3 MIN. DE LECTURA
* U.S. crude falls below $40/barrel for first time since mid-April
* SolarCity down after Tesla says to buy the company
* Exxon and Chevron biggest drags on S&P and Dow
* Dow down 0.22 pct, S&P down 0.17 pct, Nasdaq up 0.41 pct (Updates to late afternoon; changes byline)
By Chuck Mikolajczak
Aug 1 (Reuters) - The S&P 500 and the Dow dipped in afternoon trading on Monday, as a drop in oil prices dragged down energy stocks, while tech names Apple and Alphabet helped drive the Nasdaq higher.
The S&P had hit a record high earlier in the session, but was unable to hold gains as U.S. crude fell below $40 a barrel to its lowest level since April.
The correlation between oil prices and equities, which had been very strong until oil rose above $40, is resurfacing now, said Randy Frederick, managing director of trading and derivatives for Charles Schwab in Austin, Texas.
"If oil falls back below $40, which it appears it is going to, it is likely that correlation will come back and that is what we are seeing now."
The S&P gained 3.6 percent in July - its best month since March - touching intraday highs seven times, on improving economic data and as corporate earnings were not as bad as had been initially feared.
Earnings are now expected to decline 3 percent for the second quarter, according to Thomson Reuters data, an improvement from the 4.5 percent decline expected on July 1.
Exxon and Chevron were down 2.9 percent and 3.3 percent, respectively, and were the biggest drags on both the Dow and the S&P 500. The S&P energy sector lost 3.3 percent.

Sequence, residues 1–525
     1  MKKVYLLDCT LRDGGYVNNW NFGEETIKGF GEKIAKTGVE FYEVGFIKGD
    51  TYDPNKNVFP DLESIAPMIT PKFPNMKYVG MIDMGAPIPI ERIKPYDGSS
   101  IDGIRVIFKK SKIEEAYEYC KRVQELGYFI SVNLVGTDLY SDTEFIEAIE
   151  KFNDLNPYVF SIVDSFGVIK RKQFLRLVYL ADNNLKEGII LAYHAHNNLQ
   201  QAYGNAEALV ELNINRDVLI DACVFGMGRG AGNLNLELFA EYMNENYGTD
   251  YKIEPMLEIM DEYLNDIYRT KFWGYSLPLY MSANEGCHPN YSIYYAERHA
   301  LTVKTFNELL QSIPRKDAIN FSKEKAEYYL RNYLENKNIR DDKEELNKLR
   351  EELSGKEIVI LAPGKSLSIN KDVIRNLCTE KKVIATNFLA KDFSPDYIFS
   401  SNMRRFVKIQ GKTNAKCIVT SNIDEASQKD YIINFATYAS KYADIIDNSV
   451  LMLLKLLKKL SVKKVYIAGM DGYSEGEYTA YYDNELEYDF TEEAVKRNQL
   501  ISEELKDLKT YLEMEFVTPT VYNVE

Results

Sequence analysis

The Dow Jones industrial average fell 41.46 points, or 0.22 percent, to 18,390.78, the S&P 500 lost 3.73 points, or 0.17 percent, to 2,169.87, and the Nasdaq Composite added 21.24 points, or 0.41 percent, to 5,183.37.
Apple Inc rose 1.3 percent, providing the biggest boost to the three main indexes. Apple has gained more than 9 percent since reporting results last week. Google parent Alphabet Inc was up 1.5 percent at $803.04.
After tepid U.S. second-quarter gross domestic product data on Friday dimmed some of the optimism over the state of the economy, data on Monday showed U.S. manufacturing activity slowed in July as orders fell broadly and construction spending dropped in June.
Traders saw the chance of a Federal Reserve interest rate hike by year-end at about 35 percent, according to CME Group's Fedwatch, down from more than 50 percent last week.
SolarCity Corp fell 7.8 percent, to $24.62, and Tesla Motors declined 1.6 percent, to $230.99, after Tesla said the two companies had agreed to merge.
Declining issues outnumbered advancing ones on the NYSE by a 1.44-to-1 ratio. On Nasdaq, a 1.05-to-1 ratio favored advancers.
The S&P 500 posted 36 new 52-week highs and no new lows; the Nasdaq Composite recorded 96 new highs and 18 new lows. (Reporting by Chuck Mikolajczak; Editing by Leslie Adler)